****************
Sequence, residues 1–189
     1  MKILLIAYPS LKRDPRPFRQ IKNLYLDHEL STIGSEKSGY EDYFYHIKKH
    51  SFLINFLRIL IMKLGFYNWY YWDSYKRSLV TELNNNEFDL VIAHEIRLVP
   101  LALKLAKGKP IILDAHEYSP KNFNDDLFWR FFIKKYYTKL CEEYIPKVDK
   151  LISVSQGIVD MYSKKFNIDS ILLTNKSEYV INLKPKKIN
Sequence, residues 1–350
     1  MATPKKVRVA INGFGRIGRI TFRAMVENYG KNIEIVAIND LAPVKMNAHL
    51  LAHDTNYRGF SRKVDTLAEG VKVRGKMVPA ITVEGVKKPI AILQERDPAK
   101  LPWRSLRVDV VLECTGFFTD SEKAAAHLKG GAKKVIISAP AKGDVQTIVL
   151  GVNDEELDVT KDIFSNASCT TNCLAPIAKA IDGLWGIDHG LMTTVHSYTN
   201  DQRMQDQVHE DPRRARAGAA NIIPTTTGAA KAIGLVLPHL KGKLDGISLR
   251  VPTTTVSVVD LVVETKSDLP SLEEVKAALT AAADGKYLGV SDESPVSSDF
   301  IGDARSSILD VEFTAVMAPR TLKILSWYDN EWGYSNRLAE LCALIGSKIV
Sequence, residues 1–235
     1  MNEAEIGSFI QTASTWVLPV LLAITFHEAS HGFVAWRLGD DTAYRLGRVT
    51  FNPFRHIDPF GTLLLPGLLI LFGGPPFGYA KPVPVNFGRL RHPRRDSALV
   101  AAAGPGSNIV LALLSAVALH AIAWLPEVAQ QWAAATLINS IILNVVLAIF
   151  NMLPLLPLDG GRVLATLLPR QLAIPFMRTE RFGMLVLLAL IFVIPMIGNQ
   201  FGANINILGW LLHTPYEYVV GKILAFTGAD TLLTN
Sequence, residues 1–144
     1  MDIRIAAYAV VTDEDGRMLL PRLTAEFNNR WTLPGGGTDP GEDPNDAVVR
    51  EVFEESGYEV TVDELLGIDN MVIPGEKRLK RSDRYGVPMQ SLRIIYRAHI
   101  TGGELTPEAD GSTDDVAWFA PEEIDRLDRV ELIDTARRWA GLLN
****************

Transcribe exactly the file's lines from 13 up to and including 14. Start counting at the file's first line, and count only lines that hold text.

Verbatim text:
   301  IGDARSSILD VEFTAVMAPR TLKILSWYDN EWGYSNRLAE LCALIGSKIV
Sequence, residues 1–235